Active noise cancelling electronics make you much less dependent on a deep earplug-seal.
Thanks to ANC, people who can only accept headphones can get good to excellent low frequency noise reduction and good performance against lower mid frequency noise without the need to plug their ear deep inside the canal.
Let’s go back to fending off our road noise and hear the effect of ANC:
Active noise cancelling, noise masking, and noise isolation at work against street noise, honking, and barking
Recap: We can use noise masking together with noise isolation to mostly drown out a combination of street noise, honking and barking, but we need to play even a well-optimized masking sound quite loud.
Here is our street noise again with passive noise reduction provided by good noise-isolating headphones:
Now let’s turn on the active noise cancelling function on these headphones (Sony WH-1000XM4):
The truck rumble is now almost gone and the barks of the larger dog are a lot quieter. Higher-pitched noises have come to the forefront.
But they are not really louder as we will see when we mask them (below). It is just that the lower frequencies in the street noise are so effectively reduced that they don’t mask the higher-pitched noises anymore.
(In case you are wondering how much quieter everything is, just play the original street and barking noise above again.)
It’s a world of a difference but the barking and honking aren’t gone yet.
Now let’s combine active noise cancelling and noise masking:
Both the barking and the street noise are gone. The only thing I can still hear is a faint honking towards the end (and only because I am looking for it).
In fact, if it wasn’t for the loud honking, we could have played the masking noise even at a substantially lower volume.
How much did active noise cancelling really help here?
That’s easy to hear.
For comparison, let’s turn off ANC and keep everything else the same, i.e., we rely on the headphones’ noise isolation and use the same masking noise volume as in the previous audio:
Now, some of the street noise, the barking in the background, and the lower-pitched horn can be heard again.
And to drive this point home, here is how much louder I had to play the masking noise to mask the barking and honking when we relied only passive noise reduction (and the result is still not as good):
- The headphones’ ANC function adds substantially to noise masking and passive noise isolation against both the street noise (mostly low frequencies), the lower-pitched barking (200 to 700 Hz) and large-vehicle honking (peaks at around 500 Hz).
- Even the higher-pitched barking is reduced: it exhibits a first peak at around 600 Hz, against which the ANC is effective.
Noise pollutants’ frequencies overview table
In the following table, I have identified some of the loudest “noise pollutants” in the noise sample you have just heard, and which of the applied tools contributed to reducing that noise:
|What||Peak frequencies (Hz)||Contribution to noise reduction in this post (highest first)||Type of noise|
|Truck rumble and resonances||42, 56||ANC, noise masking, noise isolation||Low bass|
|Vehicle horns||442, 552, 1106, 2205||Noise masking and noise isolation, ANC (two lower freq. peaks)||Lower mids and mids|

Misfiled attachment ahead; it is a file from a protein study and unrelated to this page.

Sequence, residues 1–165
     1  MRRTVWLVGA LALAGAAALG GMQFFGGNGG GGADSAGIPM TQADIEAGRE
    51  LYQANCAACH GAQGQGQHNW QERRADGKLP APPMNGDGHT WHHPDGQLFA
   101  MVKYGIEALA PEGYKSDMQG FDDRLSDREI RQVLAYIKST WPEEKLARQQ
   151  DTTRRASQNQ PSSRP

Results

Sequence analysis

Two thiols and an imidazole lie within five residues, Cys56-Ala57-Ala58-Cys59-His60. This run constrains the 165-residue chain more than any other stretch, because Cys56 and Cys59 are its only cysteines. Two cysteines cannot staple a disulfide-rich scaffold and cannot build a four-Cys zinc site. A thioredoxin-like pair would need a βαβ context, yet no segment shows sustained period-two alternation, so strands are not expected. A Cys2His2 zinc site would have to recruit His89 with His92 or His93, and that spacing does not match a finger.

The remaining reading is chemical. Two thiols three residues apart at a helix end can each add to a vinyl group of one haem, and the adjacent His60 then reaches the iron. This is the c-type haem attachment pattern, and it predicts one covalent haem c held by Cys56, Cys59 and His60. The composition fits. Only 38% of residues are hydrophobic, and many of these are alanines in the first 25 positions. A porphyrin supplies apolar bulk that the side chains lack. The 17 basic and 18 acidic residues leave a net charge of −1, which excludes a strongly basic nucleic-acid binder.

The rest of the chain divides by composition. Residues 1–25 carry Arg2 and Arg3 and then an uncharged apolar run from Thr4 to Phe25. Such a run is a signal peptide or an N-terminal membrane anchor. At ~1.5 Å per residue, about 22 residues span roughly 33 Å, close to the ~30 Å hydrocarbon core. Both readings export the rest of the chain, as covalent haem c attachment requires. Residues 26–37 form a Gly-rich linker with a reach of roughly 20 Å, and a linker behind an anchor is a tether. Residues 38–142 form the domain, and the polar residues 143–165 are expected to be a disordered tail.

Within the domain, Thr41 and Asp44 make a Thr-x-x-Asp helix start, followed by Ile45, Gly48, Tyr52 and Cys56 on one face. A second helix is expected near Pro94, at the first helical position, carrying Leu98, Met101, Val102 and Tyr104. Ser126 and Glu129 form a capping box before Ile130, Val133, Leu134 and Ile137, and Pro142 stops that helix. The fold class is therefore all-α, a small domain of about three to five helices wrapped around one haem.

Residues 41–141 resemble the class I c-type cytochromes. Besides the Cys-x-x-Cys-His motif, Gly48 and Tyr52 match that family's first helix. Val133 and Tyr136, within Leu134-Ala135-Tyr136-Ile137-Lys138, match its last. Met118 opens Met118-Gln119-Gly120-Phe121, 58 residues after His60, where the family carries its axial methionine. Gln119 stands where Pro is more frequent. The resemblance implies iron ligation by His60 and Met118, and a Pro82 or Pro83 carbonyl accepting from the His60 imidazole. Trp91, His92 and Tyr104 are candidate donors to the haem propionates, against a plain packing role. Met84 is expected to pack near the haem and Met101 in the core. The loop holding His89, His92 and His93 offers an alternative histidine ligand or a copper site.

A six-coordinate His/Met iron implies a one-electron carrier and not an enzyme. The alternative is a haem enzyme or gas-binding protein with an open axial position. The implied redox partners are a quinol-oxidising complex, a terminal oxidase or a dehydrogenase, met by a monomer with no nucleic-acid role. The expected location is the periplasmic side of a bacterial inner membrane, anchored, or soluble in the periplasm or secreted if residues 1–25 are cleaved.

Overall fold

|Smaller vehicle horns||3358, 3834||Noise masking and noise isolation||Lower treble|
|Large dog barking||178, 343, 671||Noise masking and noise isolation, ANC||High bass, lower mids|
|Medium-sized dog barking||624, 1166||Noise masking and noise isolation, ANC (lower peak)||Mids|
Conclusion and current state of the art
Against many nighttime (and daytime) noises, noise masking, active noise cancelling, and passive noise isolation are synergistic.
This includes street noise, snoring, chatter, barking (larger dogs), honking, music bass, footstep noise, and HVAC systems.
Against higher-pitched crying, crickets, small dogs, and screeching brakes current active noise cancelling technology doesn’t offer much benefit. Good passive noise isolation in combination with an optimized masking noise are what counts.
If you can sleep on your back or need relief during the day, the combination of noise masking and quality over-ear active noise cancelling headphones (e.g., Sony WH-1000XM4) is a very effective tool against the “noisescape” you have just heard in this post.
A select few active noise cancelling earbuds also have a battery that lasts a whole night, but ideally they should be smaller to allow for comfortable side sleeping.
Specialized sleep earbuds with built-in masking sounds, such as Bose’s Sleepbuds, are available. They are very small, designed for side sleeping, and they have ear tips that sit at the ear canal entrance, so they don’t have to go in deep like foam earplugs.
But they and other current noise masking sleep earbuds don’t yet offer active noise cancellation.
This is somewhat surprising because Bose has great active noise cancelling technology in their normal earbuds. Perhaps they haven’t yet figured out how to make them small enough with a battery that can power both noise masking and noise cancelling for a whole night.
I have read the argument that noise cancellation is not effective against intermittent noises, but in my own experience, this is no longer the case with state-of-the-art noise cancelling headphones. Whether ANC helps or not depends much more on the dominant frequencies in the noise you want to eliminate.
Then there are other sleep earbuds, such as QuietOn, that do feature active noise cancelling but unfortunately no noise masking. As we have seen in this post, a customized masking sound is necessary if you want to make louder noises go away.
I don’t want to knock these devices, and, depending on the noise problem that needs solving, they can work just fine.
But, these sleep earbuds would be more powerful and versatile if, in addition to isolating well, they combined both active technologies used in this post:
I’d like to see small sleep earbuds with comfortable ear tips suitable for side sleepers that have customizable (via an EQ) built-in masking sounds and powerful active noise cancellation and an all-night battery.
I am optimistic, we will get there.
For detailed noise reduction tests, please also read the post Active Noise Cancelling vs Noise Isolating Headphones.
The post Wearing Noise Cancelling Headphones over Earplugs details what maximum noise reduction of everyday noise you can get.